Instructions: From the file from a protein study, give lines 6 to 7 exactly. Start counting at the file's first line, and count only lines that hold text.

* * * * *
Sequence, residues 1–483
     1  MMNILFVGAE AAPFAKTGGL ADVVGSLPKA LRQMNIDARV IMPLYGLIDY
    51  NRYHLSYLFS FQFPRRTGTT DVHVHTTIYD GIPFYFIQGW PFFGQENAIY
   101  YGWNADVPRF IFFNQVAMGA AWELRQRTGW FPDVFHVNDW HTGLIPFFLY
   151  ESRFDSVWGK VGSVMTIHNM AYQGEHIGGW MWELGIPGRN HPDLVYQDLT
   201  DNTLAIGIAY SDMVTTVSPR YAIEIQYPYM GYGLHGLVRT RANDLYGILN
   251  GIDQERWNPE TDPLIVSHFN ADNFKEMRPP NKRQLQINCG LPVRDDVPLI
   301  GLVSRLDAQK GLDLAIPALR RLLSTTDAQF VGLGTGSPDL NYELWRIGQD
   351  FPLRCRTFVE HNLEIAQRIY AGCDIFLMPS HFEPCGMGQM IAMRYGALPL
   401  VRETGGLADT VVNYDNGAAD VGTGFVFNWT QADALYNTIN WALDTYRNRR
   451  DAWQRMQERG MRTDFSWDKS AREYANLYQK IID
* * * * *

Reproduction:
   201  DNTLAIGIAY SDMVTTVSPR YAIEIQYPYM GYGLHGLVRT RANDLYGILN
   251  GIDQERWNPE TDPLIVSHFN ADNFKEMRPP NKRQLQINCG LPVRDDVPLI